Dear colleagues and students
Every year the National Research Foundation (NRF) celebrates South African research at its annual awards ceremony. Nominated by their peers and research institutions, awardees are recognised in a variety of categories.
I am extremely proud of the many University of Cape Town (UCT) researchers that were nominated and those that ultimately received accolades at last week’s award ceremony. Six UCT researchers were awarded in three categories.
Professor Rajend Mesthrie (Department of African Studies & Linguistics) received the Hamilton Naki Award to honour the many ways in which he navigated challenges and hardships to deliver an incredibly high standard of research. Professor Mesthrie is one of UCT’s A-rated researchers.
Associate Professor Amir Patel (Department of Electrical Engineering) who uses the locomotion of animals to inspire his robotics, and Dr Wade Petersen (Department of Chemistry) who focuses on the development of new bio-actives, were both awarded the Research Excellence Award for Emerging Researchers for their outstanding research performance.
Jessica Fell (Department of Civil Engineering), Nkosiyomzi Haile Matutu (Department of Psychology) and Athi Welsh (Department of Chemistry) – all final-year PhD students – were awarded the Research Excellence Award for Next Generation Researchers to celebrate their outstanding academic performances.
What is striking about this year’s cohort of NRF awardees is that their research has incredible value outside the realm of academia. When I read about the focus of their research, it is evident that these are South African researchers with their focus very much on the benefit for South Africa – local knowledge to address local challenges – through research that is cutting edge at home and globally. This brings our Vision 2030 strategy for UCT to life.
UCT’s established researchers also shone at this year’s NRF awards. Professor Linda-Gail Bekker (Desmond Tutu HIV Centre) and Professor Tommie Meyer (Department of Computer Science) improved their ratings to an A. The late Professor Timothy Egan (Department of Chemistry) was also awarded an A-rating posthumously. Emeritus Professor Dirk van Zyl Smit (Centre for Criminology) also achieved a new A-rating.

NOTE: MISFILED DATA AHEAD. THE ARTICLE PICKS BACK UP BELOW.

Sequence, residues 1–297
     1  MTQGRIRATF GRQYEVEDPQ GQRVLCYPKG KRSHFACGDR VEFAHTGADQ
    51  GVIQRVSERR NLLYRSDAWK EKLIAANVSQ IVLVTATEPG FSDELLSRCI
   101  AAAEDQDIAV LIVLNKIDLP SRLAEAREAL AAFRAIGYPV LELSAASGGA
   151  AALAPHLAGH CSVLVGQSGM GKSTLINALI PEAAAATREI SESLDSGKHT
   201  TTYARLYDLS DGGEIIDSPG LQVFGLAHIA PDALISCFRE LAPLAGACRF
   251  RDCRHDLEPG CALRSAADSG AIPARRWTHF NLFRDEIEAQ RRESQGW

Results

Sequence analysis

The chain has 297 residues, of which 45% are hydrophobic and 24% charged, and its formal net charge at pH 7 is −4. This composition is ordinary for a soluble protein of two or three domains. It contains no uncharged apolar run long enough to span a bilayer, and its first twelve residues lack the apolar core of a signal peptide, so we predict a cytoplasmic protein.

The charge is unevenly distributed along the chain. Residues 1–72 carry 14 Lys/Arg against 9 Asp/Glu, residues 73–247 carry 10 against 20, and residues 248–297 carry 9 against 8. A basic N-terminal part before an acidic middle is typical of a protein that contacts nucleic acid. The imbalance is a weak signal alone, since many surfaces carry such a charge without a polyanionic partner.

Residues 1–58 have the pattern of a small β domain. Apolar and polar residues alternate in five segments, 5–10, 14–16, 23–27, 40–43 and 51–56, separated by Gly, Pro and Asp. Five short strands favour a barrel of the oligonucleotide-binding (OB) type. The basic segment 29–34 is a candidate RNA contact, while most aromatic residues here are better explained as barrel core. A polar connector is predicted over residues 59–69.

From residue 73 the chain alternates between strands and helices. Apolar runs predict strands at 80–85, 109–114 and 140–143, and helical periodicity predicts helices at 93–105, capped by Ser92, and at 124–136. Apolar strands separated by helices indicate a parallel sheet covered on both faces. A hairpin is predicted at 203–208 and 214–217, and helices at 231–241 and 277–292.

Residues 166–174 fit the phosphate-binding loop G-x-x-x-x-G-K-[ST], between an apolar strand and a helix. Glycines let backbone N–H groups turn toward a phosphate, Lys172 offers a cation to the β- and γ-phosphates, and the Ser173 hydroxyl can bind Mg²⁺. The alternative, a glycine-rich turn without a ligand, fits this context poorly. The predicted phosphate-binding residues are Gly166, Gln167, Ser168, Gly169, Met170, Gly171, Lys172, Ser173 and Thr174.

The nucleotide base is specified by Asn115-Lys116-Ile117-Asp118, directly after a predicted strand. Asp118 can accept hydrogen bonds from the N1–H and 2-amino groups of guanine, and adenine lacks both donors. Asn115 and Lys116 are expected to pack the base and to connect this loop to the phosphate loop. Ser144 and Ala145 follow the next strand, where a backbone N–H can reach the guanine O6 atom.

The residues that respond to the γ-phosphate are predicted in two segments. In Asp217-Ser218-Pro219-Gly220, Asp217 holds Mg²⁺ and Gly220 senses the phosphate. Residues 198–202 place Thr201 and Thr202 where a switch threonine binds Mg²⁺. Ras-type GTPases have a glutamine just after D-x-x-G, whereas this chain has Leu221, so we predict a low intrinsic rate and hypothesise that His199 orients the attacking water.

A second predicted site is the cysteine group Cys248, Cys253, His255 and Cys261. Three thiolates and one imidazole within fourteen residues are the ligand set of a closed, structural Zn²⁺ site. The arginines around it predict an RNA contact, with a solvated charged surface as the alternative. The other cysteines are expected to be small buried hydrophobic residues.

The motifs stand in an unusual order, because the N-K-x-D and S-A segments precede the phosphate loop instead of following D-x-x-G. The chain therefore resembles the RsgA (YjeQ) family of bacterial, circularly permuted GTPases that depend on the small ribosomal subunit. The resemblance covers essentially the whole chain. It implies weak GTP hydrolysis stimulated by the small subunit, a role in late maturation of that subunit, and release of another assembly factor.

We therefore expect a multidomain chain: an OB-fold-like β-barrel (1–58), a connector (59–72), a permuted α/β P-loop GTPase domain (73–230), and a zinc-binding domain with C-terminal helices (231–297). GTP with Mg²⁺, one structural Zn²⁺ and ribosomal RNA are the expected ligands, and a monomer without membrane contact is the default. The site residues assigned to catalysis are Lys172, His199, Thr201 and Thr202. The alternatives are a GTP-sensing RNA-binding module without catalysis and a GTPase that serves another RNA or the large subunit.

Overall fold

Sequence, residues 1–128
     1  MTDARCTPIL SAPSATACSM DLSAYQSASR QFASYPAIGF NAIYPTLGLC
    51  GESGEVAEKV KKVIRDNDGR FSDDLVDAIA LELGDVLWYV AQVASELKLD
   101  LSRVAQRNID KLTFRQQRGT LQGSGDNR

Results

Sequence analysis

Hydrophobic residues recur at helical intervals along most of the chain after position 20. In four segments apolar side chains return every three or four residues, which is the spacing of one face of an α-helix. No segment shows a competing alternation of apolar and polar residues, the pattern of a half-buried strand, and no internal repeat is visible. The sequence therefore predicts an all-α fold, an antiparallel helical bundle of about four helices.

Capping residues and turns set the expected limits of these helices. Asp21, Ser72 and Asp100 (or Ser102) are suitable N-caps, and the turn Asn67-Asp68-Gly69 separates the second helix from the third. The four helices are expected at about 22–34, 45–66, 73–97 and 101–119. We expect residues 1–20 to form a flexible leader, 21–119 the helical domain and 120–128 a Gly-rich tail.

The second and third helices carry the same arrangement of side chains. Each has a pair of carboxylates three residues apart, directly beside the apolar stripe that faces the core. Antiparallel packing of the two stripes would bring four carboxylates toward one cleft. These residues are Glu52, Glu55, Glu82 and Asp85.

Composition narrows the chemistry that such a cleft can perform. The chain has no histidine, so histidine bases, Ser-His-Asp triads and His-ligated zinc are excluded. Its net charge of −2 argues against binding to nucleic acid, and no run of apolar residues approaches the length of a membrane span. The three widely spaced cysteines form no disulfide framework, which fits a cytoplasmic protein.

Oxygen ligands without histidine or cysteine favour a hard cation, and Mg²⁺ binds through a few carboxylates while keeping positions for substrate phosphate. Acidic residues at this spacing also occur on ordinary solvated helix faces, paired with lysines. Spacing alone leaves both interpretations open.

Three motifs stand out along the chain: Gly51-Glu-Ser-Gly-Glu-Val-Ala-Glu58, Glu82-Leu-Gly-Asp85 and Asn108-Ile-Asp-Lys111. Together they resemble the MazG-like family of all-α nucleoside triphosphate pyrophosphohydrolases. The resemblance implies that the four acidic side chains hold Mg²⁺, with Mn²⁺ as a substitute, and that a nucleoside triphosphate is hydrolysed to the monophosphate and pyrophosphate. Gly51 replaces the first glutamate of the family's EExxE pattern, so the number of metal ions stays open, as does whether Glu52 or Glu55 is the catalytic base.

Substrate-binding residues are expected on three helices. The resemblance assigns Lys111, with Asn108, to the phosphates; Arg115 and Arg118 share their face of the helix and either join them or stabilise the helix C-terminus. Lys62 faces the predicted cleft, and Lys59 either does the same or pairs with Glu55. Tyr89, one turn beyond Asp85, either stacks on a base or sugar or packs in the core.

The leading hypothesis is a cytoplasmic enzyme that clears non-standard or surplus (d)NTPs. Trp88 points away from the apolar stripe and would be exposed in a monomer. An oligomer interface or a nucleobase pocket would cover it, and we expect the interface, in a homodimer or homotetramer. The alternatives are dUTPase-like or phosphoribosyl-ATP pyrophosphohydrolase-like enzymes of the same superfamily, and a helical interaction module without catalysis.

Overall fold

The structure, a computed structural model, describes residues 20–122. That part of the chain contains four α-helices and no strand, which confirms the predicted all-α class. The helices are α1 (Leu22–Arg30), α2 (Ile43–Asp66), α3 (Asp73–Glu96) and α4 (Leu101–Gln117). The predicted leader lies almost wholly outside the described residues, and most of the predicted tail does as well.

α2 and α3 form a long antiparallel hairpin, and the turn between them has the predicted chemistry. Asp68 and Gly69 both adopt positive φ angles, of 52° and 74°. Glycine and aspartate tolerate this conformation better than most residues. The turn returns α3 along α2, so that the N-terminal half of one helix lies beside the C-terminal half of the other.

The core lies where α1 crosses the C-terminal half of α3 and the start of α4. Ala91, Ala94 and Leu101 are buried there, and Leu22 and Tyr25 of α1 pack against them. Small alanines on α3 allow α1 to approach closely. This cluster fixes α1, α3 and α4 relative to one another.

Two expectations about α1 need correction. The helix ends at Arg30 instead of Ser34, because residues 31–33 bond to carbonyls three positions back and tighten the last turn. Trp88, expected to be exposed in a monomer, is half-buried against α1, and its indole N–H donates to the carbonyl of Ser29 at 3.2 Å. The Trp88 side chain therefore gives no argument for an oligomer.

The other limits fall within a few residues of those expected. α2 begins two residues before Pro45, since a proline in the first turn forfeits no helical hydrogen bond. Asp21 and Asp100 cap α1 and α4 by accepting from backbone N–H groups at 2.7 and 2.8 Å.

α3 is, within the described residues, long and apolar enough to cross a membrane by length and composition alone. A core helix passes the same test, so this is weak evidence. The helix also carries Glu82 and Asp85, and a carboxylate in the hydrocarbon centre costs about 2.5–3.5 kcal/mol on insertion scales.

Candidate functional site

Additionally, several researchers retained their A ratings, including Professor Anusuya Chinsamy-Turan (Department of Biological Sciences), Professor Valerie Mizrahi (Institute of Infectious Disease and Molecular Medicine), Professor Gerald Nurick (Department of Mechanical Engineering) and Emeritus Professor David Chidester (Department for the Study of Religions). This brings UCT’s researchers who held active A ratings in 2022 to 31, the highest of any university in South Africa. Professor Jess Auerbach (Graduate School of Business) was also awarded a P-rating within one month of joining UCT as a result of support from her previous institution, North-West University.
Please join me in congratulating each of these incredible researchers as well as those colleagues who received a nomination. It is recognition like this that demonstrates that our researchers and research support community are key in securing and retaining our position as the top university in South Africa and on the continent.
My sincere thank you to each of you.
Professor Sue Harrison
Deputy Vice-Chancellor: Research and Internationalisation
Read previous communications:
This work is licensed under a Creative Commons Attribution-NoDerivatives 4.0 International License.
Please view the republishing articles page for more information.